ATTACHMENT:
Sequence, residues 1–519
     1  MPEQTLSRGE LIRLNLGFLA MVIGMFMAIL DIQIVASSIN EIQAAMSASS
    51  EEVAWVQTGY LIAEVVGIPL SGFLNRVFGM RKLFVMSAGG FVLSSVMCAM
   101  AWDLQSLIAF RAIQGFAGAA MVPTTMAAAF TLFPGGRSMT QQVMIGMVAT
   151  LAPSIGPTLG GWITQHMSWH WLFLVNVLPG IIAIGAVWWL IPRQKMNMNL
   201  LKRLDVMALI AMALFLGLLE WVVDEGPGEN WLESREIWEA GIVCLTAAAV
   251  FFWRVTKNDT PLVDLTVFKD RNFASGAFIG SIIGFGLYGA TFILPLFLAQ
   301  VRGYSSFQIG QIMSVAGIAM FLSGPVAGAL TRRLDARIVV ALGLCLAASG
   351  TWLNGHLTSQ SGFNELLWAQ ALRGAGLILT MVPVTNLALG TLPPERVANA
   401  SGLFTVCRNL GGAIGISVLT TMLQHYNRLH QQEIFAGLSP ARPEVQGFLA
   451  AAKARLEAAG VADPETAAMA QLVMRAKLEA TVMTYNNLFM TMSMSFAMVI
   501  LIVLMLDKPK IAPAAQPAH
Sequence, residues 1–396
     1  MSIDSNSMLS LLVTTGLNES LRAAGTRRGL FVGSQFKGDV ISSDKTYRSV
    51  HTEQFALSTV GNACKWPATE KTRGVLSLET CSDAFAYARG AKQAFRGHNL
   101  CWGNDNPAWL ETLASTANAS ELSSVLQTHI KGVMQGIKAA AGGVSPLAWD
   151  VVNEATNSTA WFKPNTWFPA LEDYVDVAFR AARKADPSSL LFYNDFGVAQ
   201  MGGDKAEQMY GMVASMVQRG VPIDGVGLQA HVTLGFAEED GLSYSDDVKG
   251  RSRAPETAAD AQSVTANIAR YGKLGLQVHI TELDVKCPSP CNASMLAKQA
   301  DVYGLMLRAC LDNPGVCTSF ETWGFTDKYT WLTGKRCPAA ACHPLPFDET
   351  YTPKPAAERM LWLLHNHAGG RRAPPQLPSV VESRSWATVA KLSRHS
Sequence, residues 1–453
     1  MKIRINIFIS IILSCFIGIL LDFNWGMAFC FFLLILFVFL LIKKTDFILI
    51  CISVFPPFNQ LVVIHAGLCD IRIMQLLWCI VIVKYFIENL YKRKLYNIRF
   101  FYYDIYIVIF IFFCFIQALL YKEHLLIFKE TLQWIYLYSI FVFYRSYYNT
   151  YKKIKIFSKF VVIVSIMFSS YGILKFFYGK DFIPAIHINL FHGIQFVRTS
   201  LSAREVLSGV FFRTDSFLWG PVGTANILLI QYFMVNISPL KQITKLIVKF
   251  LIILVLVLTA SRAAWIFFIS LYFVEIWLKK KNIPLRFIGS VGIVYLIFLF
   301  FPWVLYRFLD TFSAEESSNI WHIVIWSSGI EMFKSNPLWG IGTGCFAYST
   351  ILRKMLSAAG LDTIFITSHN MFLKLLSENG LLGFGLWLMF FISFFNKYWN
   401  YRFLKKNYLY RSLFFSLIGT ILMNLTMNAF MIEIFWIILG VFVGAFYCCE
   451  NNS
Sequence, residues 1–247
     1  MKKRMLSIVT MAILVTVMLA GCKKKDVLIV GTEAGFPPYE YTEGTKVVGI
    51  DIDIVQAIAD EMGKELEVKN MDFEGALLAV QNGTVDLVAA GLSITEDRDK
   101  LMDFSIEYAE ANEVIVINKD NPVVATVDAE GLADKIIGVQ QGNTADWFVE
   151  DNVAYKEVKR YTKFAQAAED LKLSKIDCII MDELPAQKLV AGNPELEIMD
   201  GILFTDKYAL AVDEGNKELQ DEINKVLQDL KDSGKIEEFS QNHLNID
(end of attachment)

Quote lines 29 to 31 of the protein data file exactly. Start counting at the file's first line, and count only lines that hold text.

   301  FPWVLYRFLD TFSAEESSNI WHIVIWSSGI EMFKSNPLWG IGTGCFAYST
   351  ILRKMLSAAG LDTIFITSHN MFLKLLSENG LLGFGLWLMF FISFFNKYWN
   401  YRFLKKNYLY RSLFFSLIGT ILMNLTMNAF MIEIFWIILG VFVGAFYCCE